You are dead all right, observed the teacher, But how about that sound? I haven't solved that yet,
replied Mamiya, looking up. Dead men do not speak, said the teacher. Get out!
Rabbi Isadore was a wise teacher. A student asked, How is one to know the precise time when night
ends and day begins?
One student volunteered, It is when one can distinguish between a dog and a sheep in the far distance,
that is when day begins.
Another said, It is when you can tell the difference between a fig tree and a date tree, then night is fully
No, it is neither of those things, said the Rabbi. It is when you can see your brother or sister in the face
of a stranger. Until then, night is still with us.
The great Taoist master Chuang Tzu once dreamt that he was a butterfly fluttering here and there. In the
dream he had no awareness of his individuality as a person. He was only a butterfly. Suddenly, he awoke
and found himself laying there, a person once again. But then he thought to himself, Was I before a man
who dreamt about being a butterfly, or am I now a butterfly who dreams about being a man?
During the Kamakura period, Shinkan studied Tendai six years and then studied Zen seven years; then
he went to China and contemplated Zen for thirteen years more.
When he returned to Japan many desired to interview him and asked obscure questions. But when
Shinkan received visitors, which was infrequently, he seldom answered their questions.
One day a fifty-year-old student of enlightenment said to Shinkan: I have studied the Tendai school of
thought since I was a little boy, but one thing in it I cannot understand. Tendai claims that even the grass
and trees will become enlightened. To me this seems very strange.
Of what use is it to discuss how grass and trees become enlightened? asked Shinkan. The question is
how you yourself can become so. Did you even consider that?
I never thought of it that way, marveled the old man.
Then go home and think it over, finished Shinkan.
A water bearer in India had two large pots, each hung on each end of a pole which he carried across his
neck. One of the pots had a crack in it, and while the other pot was perfect and always delivered a full
portion of water at the end of the long walk from the stream to the master's house, the cracked pot arrived
only half full. For a full two years this went on daily, with the bearer delivering only one and a half pots full
of water to his master's house. Of course, the perfect pot was proud of its accomplishments, perfect to the
end for which it was made. But the cracked pot was ashamed of its own imperfection, and miserable that
it was able to accomplish only half of what it had been made to do.
After two years of what it perceived to be a bitter failure, it spoke to the water bearer one day by the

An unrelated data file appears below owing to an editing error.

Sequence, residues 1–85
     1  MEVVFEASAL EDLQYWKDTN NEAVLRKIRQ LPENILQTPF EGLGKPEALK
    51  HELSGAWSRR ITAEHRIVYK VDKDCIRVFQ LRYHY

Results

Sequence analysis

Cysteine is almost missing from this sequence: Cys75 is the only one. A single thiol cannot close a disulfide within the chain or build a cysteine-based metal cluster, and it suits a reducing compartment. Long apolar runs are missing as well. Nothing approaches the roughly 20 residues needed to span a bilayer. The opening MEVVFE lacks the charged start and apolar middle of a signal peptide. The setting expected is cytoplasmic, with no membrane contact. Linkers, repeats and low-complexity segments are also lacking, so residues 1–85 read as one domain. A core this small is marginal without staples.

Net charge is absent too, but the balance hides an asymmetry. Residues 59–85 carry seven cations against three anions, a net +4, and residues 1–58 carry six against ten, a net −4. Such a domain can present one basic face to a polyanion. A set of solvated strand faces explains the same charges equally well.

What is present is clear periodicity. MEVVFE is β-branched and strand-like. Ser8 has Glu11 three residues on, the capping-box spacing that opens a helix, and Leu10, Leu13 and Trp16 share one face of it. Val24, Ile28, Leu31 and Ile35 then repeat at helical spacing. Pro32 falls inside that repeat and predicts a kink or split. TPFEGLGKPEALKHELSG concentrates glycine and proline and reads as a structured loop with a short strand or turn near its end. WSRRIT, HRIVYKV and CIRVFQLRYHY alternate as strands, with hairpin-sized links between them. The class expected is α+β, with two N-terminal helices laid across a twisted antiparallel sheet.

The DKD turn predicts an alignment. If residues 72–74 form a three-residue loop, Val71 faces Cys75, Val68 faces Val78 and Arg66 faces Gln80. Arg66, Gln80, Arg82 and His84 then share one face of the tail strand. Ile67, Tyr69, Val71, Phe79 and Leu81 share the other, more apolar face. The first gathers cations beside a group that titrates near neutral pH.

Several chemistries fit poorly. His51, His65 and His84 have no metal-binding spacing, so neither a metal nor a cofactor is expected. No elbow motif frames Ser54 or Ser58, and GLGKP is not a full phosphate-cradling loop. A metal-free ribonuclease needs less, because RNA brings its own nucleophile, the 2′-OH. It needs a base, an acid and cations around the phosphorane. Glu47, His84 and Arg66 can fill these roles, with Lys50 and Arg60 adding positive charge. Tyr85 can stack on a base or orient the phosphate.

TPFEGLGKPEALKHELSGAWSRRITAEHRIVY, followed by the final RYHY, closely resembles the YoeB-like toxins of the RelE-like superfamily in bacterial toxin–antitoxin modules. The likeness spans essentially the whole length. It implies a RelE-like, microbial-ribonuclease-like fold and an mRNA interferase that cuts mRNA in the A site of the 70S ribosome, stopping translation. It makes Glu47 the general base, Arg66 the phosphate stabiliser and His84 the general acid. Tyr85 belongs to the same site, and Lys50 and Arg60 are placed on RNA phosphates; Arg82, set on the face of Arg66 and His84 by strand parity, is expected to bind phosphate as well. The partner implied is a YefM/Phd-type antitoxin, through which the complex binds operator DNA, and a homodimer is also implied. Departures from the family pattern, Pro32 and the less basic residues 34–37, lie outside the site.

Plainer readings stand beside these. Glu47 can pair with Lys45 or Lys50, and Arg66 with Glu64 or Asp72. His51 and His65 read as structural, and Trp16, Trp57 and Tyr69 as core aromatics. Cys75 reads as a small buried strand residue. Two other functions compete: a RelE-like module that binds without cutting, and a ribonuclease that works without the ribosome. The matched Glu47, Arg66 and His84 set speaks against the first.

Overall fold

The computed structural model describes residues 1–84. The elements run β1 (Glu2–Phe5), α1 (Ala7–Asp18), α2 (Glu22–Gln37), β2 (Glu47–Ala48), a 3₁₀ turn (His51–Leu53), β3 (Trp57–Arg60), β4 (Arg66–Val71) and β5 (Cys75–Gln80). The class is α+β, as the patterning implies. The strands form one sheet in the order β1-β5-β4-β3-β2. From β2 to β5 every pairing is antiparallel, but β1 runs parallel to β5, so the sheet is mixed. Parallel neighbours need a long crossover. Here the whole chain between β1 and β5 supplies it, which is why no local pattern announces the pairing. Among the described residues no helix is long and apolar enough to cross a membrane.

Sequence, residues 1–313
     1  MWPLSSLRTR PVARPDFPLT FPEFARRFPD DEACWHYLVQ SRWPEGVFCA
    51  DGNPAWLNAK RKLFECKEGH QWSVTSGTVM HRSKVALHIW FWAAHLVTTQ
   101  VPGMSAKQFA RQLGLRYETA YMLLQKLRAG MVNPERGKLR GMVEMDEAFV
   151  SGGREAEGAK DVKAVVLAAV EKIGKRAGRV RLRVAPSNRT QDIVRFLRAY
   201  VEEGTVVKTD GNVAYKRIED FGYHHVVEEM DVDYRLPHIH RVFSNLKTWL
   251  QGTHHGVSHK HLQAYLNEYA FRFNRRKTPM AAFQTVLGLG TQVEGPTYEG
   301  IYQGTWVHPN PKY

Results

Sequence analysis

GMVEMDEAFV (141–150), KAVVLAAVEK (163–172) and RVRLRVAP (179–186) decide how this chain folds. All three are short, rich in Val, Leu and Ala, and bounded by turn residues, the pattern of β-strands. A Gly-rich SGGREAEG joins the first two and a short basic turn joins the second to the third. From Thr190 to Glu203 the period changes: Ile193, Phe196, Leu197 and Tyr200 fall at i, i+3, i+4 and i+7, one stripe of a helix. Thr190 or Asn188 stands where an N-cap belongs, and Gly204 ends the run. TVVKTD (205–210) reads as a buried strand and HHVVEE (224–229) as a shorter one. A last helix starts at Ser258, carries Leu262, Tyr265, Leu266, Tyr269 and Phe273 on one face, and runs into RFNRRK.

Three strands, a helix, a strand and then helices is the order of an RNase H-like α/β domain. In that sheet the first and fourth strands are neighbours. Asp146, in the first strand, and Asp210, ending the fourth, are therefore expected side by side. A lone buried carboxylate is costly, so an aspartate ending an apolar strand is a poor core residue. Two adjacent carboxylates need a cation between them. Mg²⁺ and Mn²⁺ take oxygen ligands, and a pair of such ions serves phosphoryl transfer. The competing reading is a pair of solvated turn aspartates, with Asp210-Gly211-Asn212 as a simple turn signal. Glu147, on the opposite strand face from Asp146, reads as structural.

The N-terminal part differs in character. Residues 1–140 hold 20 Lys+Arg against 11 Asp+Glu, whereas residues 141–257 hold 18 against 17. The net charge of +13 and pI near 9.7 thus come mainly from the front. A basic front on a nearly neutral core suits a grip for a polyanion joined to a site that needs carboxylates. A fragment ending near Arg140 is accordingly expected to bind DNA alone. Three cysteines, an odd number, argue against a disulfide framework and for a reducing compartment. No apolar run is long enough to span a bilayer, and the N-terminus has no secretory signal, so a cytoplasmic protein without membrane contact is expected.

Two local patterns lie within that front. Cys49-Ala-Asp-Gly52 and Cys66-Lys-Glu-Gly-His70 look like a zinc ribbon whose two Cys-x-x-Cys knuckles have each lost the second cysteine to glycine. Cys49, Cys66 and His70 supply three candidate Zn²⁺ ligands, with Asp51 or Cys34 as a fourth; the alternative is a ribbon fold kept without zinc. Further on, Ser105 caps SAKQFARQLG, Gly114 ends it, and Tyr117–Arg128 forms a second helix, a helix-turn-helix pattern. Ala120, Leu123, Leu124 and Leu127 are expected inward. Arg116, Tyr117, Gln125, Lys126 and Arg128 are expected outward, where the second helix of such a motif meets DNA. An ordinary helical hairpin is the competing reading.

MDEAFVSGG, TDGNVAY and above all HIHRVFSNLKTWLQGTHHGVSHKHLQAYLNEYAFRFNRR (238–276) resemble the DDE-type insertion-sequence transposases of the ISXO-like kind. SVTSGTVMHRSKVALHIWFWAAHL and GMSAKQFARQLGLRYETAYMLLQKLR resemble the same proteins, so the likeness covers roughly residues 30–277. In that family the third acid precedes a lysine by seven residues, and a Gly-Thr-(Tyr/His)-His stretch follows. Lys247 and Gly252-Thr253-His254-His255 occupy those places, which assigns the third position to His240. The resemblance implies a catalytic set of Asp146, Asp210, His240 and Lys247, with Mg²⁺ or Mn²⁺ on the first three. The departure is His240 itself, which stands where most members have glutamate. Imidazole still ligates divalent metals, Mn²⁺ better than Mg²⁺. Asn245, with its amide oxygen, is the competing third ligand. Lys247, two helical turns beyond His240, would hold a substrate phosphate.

stream. I am ashamed of myself, and I want to apologize to you.
Why? asked the bearer. What are you ashamed of?
I have been able, for these past two years, to deliver only half my load because this crack in my side
causes water to leak out all the way back to your master's house. Because of my flaws, you have to do all
of this work, and you don't get full value from your efforts, the pot said.
The water bearer's heart went out to the old cracked pot, and in his compassion he said, As we return to
the master's house, I want you to notice the beautiful flowers along the path.
Indeed, as they went up the hill, the old cracked pot took notice of the sun warming the beautiful wild
flowers on the side of the path, and this cheered it some. But at the end of the trail, it still felt sad because
it had leaked out half its load, and so again it apologized to the bearer for its failure. The bearer said to
the pot, Did you notice that there were flowers only on your side of the path, but not on the other pot's
side? That's because I have always known about your flaw, and I took advantage of it. I planted flower
seeds on your side of the path, and every day while we walk back from the stream, you've watered them.
For two years I have been able to pick these beautiful flowers to decorate my master's table. Without you
being just the way you are, he would not have this beauty to grace his house.
I once saw a child coming towards me with a lit torch in his hand. 'Where have you brought the light
from?' I asked him. He immediately blew it out and said to me, 'Oh Hasan, tell me where it has gone and I
will tell you whence I fetched it.'
Hasan Basri
Kansan left home when he was nine years old. He had a brilliant mind and studied both Buddhist and
Confucian classics. Inspired by one of the books he read, for a time Kansan devoted himself to the study
and practice of esoteric Buddhism in western Japan. Later he went to the capatal city of Edo, where he
perused the massive Buddhist canon.
After nearly two decades of these studies, Kansan finally went to see a Zen teacher. Well versed in
Buddhist practices, Kansan mastered the Zen teachings in two years of intensive work.
Subsequently Kansan was sent to take over the abbacy of a temple in southern Japan. When he arrived,
he found that drinking and carousing were so common in the area that the temple itself was accustomed
to supplying visitors with wine, as if it were a lounge.
On the day that Kansan formally took over the abbacy of the temple, he destroyed every single wine jar,
ashtray, and serving table. After that, guests were treated with a single cup of plain tea.
Three years later, Kansan retired. He disappeared into the mountains, putting a sign over the door of his
hut that simply said, Content.